ABC News’ Rick Klein reports: A group of more than 70 lawmakers tomorrow will launch a push to repeal the Defense of Marriage Act, the 1996 law that bars the federal government from recognizing gay marriages.
Backers of the measure hope the bill introduction will quicken the pace of repeal efforts in Congress. President Obama has said he supports the repeal of the Defense of Marriage Act, though the administration has come under fire for moving slowly on this issue and other gay-rights initiatives.
A spokesman for Rep. Jerrold Nadler, D-N.Y., one of the bill's prime co-sponsors, said about 70 Democratic lawmakers have already signed on to the legislation.
Brad Luna, a spokesman for the Human Rights Campaign, said gay-rights advocates hope the bill will help build momentum on Capitol Hill and beyond.
"The first step is to have something to rally around," Luna said. "It allows us to go out and build the grass-roots support that members of Congress need."
President Obama opposes same-sex marriage, but has said he wants to repeal DOMA so that federal rights and benefits can be extended to couples whose marriages are recognized in states where gay marriage is legal.
"Unfortunately, my Administration is not authorized by existing Federal law to provide same-sex couples with the full range of benefits enjoyed by heterosexual married couples," the president said in a statement issued in June. "That's why I stand by my long-standing commitment to work with Congress to repeal the so-called Defense of Marriage Act. It's discriminatory, it interferes with States' rights, and it's time we overturned it."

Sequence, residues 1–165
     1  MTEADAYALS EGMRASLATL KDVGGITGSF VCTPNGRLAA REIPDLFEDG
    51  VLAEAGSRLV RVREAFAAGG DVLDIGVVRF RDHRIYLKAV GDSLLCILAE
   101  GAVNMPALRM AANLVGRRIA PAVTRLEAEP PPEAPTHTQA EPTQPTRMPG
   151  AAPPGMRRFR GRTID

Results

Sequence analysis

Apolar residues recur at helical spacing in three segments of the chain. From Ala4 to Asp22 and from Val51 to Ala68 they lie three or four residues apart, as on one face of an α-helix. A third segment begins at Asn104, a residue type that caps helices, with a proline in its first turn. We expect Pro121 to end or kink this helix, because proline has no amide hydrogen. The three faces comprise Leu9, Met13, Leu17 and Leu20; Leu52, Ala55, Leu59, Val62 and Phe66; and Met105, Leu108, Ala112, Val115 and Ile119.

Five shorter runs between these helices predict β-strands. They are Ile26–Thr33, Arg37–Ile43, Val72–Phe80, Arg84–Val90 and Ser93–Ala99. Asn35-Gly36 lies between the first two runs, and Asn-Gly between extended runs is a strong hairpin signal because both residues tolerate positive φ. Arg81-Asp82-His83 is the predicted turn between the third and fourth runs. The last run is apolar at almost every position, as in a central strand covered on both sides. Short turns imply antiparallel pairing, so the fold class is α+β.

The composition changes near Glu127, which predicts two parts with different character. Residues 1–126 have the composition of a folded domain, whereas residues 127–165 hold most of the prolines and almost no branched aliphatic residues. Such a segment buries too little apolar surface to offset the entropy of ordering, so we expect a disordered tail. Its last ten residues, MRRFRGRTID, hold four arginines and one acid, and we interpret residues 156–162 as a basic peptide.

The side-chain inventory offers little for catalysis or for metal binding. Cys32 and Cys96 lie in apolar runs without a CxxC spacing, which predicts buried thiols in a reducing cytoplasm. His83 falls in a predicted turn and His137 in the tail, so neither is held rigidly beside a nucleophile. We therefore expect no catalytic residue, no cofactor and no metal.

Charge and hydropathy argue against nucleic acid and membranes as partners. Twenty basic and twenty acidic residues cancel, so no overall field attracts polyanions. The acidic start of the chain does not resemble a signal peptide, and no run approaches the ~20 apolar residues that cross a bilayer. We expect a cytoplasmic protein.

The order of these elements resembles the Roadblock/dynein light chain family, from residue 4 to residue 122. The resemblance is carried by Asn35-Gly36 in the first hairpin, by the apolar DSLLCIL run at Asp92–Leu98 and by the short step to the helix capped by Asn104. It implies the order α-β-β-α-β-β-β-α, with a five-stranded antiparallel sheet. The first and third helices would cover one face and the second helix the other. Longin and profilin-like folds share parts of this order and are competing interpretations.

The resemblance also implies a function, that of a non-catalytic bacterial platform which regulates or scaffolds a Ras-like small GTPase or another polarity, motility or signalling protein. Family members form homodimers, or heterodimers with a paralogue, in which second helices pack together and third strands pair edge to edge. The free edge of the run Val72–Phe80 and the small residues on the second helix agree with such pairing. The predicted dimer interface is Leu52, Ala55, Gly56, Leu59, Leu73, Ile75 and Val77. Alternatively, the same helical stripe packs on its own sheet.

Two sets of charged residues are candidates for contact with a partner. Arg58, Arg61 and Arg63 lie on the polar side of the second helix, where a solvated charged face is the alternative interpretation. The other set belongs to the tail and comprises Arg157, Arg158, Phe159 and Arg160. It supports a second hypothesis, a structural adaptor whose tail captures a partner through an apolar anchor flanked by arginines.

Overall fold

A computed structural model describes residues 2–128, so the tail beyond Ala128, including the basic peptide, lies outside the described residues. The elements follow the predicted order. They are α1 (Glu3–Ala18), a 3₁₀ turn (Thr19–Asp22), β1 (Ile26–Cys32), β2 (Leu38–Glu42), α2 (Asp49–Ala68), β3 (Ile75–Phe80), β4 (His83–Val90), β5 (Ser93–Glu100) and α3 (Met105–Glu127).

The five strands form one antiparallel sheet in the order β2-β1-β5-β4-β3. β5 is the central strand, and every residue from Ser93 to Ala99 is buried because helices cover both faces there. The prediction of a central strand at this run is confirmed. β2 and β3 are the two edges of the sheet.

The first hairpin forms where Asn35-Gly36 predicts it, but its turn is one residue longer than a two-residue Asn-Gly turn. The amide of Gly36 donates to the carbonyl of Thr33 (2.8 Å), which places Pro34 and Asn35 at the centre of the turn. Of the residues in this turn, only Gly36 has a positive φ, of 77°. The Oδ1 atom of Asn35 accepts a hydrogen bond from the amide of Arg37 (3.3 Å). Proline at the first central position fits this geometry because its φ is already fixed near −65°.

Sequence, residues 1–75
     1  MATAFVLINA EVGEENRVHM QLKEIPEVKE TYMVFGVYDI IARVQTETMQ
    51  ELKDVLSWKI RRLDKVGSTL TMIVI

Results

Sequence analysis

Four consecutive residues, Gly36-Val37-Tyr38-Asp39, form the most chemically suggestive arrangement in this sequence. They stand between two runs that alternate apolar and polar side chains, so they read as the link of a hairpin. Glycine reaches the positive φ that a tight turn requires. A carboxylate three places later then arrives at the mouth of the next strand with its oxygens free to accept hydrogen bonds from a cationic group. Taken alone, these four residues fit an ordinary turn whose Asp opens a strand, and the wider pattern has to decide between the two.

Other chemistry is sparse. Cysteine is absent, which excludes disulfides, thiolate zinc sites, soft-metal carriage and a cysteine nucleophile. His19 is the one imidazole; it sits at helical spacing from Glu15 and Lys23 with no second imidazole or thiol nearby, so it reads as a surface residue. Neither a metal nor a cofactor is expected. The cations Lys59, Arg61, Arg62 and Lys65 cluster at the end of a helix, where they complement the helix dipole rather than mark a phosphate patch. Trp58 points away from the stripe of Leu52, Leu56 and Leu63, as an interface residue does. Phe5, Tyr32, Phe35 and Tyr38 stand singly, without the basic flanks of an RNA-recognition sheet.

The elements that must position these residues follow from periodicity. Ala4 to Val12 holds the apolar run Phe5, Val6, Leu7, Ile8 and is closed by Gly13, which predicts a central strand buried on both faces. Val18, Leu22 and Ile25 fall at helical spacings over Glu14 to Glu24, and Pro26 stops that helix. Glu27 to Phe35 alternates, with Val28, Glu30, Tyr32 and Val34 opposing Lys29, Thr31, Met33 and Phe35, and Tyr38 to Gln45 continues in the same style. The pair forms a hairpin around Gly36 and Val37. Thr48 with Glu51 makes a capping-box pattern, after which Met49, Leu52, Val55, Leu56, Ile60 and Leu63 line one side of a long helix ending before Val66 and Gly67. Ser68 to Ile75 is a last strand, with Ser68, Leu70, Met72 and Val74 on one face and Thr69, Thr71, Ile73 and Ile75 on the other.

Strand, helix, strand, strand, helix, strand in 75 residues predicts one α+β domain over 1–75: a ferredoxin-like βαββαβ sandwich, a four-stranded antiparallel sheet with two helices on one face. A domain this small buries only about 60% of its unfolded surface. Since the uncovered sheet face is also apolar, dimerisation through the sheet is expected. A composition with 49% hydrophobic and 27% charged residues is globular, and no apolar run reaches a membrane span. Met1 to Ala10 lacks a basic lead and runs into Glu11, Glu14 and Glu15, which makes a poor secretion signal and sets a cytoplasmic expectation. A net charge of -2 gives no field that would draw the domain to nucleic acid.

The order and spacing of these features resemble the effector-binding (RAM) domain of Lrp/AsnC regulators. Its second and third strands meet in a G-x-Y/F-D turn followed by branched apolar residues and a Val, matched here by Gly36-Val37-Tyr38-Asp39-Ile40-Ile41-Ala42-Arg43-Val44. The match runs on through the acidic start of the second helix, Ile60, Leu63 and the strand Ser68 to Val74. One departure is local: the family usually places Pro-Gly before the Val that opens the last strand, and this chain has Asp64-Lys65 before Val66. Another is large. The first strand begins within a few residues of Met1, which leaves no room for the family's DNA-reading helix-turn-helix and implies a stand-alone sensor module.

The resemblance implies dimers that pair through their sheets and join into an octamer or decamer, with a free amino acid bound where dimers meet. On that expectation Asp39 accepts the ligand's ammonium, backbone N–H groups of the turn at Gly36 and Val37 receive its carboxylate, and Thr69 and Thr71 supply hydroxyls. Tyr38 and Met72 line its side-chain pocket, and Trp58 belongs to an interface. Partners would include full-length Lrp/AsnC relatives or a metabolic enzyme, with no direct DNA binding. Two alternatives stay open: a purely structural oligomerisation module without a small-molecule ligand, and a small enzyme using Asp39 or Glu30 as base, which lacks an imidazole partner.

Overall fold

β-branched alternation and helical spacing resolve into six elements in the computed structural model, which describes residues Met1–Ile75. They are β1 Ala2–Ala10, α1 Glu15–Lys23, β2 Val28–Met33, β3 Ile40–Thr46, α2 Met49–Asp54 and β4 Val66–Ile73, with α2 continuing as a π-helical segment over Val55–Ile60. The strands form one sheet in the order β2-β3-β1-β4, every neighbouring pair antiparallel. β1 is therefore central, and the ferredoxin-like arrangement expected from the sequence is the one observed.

The sponsors of the repeal measure are planning a news conference on Capitol Hill tomorrow with two openly gay members of Congress — Rep. Tammy Baldwin, D-Wis., and Rep. Jared Polis, D-Colo. — in addition to same-sex couples who are being denied federal benefits because of the law, which was signed by former President Bill Clinton 13 years ago this month.UPDATE: One person who won't be at the event tomorrow: Rep. Barney Frank, D-Mass.
Frank, the longest-serving openly gay member of Congress, also wants DOMA repealed — but he’s not signing on as a co-sponsor because of a “strategic difference” regarding timing and political feasibility.
"It's not anything that's achievable in the near term," Frank told the Washington Blade last week. "I think getting [the Employment Non-Discrimination Act], a repeal of 'Don't Ask, Don't Tell,' and full domestic partner benefits for federal employees will take up all of what we can do and maybe more in this Congress."